Impact of Wall inception on the border villages of Dura region

Impact of Wall inception on the border villages of Dura region

Photo 1: Deir Samit village: A Palestinian farmer standing in his
olive orchards destroyed by the Wall)



An introduction to the study area:

This study covers the Wall section between the town of Idhna and the village of Al Burj to the west of Hebron city with a total length of 20 km. Along this strip of land is located many Palestinian villages and Khirbets, of which, ten are affected by the Wall inception. They are, from north to south: Al Burj, Beit Mirsim, Beit Arrush Al Foqa, Beit Arrush At Tihta, Deir Al Asal Al Foqa, Deir Al Asal Atihta, Al Majd, As Sika, Beit Awa and Deir Samit. The total population of these ten villages is 25000 inhabitants (about 3200 nucleus families) who mostly dependent on agriculture and animal husbandry as main income (source: PCPS).  The majority of the population is refugees who were dismissed from their lands in the western side of the green line when the war of 1948 was going on. So, the inception of the Annexation and Expansion Wall on their lands constitute a second disaster in their life. See Map 1




Description of the target agrarian land:

  • Most of the land is cultivated with olive tree which is considered a primary source of livelihood for quite many families;

  • It enjoys good productivity level as it is part of the Shephela (the western hilly area of Dura region with an average altitude ranging from 350-450 M above sea level);

  • For Irrigation, this area is mostly dependent on rain fall whose parentages decreases as we go south. A limited number of rain fed underground cisterns are existed in this area for irrigation purposes.

  • Most of the target land in this region has been classified by Oslo accords as zone C (under total Israeli security and civic affairs), therefore, no developmental agricultural projects have been allowed by the Israeli side.


Photo 2: Al Burj village: The path of the Wall passing inside an olive orchard



Impacts o f the Wall construction on the study area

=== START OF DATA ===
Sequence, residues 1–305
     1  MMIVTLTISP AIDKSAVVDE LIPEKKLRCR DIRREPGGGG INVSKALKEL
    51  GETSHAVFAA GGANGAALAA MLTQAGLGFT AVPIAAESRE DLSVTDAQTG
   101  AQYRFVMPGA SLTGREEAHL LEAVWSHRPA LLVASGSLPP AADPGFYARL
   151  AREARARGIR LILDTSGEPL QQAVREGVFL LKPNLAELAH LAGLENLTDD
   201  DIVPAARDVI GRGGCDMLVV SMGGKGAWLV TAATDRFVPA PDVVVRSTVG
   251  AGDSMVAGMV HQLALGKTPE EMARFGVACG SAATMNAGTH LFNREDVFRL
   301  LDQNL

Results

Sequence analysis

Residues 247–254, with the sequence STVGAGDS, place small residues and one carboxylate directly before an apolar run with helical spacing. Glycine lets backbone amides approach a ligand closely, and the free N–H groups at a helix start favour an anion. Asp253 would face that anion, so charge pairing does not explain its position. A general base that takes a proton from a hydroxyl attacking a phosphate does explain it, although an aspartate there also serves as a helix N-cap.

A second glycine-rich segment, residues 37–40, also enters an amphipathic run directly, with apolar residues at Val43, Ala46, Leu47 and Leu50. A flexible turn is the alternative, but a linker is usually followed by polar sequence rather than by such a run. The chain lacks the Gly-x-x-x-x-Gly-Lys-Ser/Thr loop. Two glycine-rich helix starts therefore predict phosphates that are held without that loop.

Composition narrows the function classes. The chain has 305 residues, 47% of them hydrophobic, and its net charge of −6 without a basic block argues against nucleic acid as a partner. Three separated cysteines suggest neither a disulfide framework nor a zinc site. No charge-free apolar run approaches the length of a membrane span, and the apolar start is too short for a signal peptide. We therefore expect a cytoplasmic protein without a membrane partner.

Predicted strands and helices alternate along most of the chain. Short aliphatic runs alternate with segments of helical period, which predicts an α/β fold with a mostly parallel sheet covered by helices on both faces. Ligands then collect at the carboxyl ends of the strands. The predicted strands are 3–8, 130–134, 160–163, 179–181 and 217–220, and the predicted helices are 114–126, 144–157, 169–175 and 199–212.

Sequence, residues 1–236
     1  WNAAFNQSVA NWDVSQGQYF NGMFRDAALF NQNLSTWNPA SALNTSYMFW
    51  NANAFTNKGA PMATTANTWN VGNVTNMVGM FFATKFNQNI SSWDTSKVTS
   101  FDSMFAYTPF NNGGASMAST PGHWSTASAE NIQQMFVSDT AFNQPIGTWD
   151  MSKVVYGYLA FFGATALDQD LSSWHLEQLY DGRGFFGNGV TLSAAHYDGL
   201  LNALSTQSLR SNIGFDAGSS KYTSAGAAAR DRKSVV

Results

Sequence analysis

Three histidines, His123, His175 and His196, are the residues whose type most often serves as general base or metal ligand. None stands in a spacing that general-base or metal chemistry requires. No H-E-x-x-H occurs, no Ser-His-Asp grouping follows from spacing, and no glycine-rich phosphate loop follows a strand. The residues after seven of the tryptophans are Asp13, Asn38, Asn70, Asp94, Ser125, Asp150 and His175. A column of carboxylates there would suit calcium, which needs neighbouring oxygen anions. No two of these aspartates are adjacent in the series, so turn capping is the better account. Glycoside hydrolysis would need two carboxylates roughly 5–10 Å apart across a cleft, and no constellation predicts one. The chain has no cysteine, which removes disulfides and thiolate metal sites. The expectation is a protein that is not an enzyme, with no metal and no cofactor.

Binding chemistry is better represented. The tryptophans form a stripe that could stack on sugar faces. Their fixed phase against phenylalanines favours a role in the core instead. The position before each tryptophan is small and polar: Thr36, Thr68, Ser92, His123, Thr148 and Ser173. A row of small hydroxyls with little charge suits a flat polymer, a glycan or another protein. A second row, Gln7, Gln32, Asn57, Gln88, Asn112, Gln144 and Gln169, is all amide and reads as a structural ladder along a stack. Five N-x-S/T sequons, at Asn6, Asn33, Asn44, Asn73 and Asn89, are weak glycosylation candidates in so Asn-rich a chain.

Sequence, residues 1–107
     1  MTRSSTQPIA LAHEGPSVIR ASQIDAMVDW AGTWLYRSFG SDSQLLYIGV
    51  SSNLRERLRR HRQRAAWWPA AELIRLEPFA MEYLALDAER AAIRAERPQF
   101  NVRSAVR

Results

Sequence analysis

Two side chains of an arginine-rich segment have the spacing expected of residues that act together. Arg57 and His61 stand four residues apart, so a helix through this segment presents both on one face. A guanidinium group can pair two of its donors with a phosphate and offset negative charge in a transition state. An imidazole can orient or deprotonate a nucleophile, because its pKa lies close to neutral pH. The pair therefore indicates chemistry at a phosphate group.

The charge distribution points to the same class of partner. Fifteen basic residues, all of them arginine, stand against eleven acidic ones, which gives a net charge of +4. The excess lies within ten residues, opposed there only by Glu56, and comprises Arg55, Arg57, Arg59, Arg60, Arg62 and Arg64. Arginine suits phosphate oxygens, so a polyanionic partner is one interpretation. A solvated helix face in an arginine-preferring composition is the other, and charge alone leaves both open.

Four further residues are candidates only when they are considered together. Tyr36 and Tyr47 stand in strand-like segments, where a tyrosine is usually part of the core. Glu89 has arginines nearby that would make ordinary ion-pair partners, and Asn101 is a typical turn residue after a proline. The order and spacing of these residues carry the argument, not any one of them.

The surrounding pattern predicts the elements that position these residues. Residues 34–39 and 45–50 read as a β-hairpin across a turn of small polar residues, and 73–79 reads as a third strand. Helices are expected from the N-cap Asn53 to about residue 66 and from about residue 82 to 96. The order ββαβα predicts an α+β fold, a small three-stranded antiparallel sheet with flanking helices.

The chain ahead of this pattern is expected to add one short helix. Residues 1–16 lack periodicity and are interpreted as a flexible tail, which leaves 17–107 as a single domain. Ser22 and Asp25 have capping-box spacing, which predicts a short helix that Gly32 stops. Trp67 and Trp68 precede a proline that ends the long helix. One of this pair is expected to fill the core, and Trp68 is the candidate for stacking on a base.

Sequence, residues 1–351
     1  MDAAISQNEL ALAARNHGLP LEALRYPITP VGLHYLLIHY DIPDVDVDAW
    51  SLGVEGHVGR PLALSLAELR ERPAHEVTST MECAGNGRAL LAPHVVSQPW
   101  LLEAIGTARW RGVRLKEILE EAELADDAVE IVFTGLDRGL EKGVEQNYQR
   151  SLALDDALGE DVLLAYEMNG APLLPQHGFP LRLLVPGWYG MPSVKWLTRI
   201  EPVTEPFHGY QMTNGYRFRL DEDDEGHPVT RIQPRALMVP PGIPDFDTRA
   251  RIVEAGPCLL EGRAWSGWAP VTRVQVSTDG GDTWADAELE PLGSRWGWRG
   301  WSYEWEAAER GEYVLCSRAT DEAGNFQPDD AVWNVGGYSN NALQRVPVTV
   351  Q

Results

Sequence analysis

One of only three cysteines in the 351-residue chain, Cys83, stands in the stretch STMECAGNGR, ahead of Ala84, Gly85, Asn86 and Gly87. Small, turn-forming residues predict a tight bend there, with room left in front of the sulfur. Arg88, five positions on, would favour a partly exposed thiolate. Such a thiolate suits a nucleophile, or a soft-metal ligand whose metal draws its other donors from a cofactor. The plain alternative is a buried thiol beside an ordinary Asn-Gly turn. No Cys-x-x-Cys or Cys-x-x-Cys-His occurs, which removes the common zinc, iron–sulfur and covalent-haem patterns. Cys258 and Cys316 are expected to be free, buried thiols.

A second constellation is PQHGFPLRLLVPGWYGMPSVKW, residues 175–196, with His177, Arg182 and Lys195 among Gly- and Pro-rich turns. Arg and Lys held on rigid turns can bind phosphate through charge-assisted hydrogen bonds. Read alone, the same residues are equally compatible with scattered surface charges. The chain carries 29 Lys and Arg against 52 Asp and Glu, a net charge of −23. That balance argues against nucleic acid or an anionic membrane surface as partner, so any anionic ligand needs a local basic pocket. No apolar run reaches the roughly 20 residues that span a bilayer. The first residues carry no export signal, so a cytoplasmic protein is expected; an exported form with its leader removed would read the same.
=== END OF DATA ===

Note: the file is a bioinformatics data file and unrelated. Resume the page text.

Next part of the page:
• Following the completion of the construction of the Wall in the year 2005, land owners and farmers were not allowed to tend their lands separated behind the Wall path. Crop yielding was coordinated with the Israeli occupation authorities last year, yet, not to satisfactory levels.

  • Israeli devastation and bulldozing acts are going on inside the lands separated behind the Wall which, consequently, have led to radical change in the lands marks of the area. New roads and passages were opened as well as new installations were setup as part of this devastation process.

  • These acts clearly uncover the real expansionist intentions of the Israeli authorities behind the Wall construction;

  • Often skirmishes take place between the Israeli army, on one hand, and inhabitants living in the vicinity of the Wall or shepherds, on the other hand.

  • Even, land owners and farmers who obtain pieces of lands at the eastern bank of the wall are prohibited from tending their lands by the Israeli army.


(Photo 3: Beit Mirsim village: Preparing the infrastructure for the Wall in spring, 2005)



Table 1

Land and tree losses inflicted by the Wall construction on the study area

Type of cultivation

No. of dunums confiscated or separated

No. of trees uprooted and destroyed

No. of affected farmers and land owners





Filed crops




Grape and almond




Uncultivated land 




Source: Ministry of Agricultural- Dura office


Table 2

Total Village area and classification of areas deducted by the Wall


Village area before the Wall

Areas deducted by the Wall



Total villages' area




Total cultivated area




Total range land and forests




No. of cisterns and springs




Source: Ministry of Agricultural- Dura office



Wall Impact on animal husbandry

  • There are about 14917 head of sheep and goats in this region owned by 420 nucleolus families (about 13.1 % of total families) who totally depend on animal breeding as main income (source: Ministry of Agriculture – Dura Office).

  • Traditionally, shepherds in this region depend on animal breeding and grazing at border areas which have become inaccessible to them after the inception of the Wall.   

  • Seasonal animal breeders who used to come from outside the area to settle and graze their cattle are now deprived of this merit.

  • About 100 grazing days per year have been lost in this area by the inception of the Wall causing heavy economic losses to animal breeders (source: Ministry of Agriculture – Dura Office).

  • This situation has increased the production costs as shepherds are obliged to buy fodder to compensate for the loss of grazing fields leading to a retreat in the number of animals and a decrease in income levels.

  • In addition, there is a setback in the exchange of trade with merchants from inside the green line because of the existence of the Wall.

  • Bee breeders are also affected by the Wall inception because of the loss of land on which bee cells were fixed.



(photo 4: Al Majd village: in the foreground, a Palestinian shepherd grazing his cattle at
the Armistice Line, in background, an Israeli bulldozers leveling the land for Wall construction)




Prepared by
The Land Research Center

Categories: Reports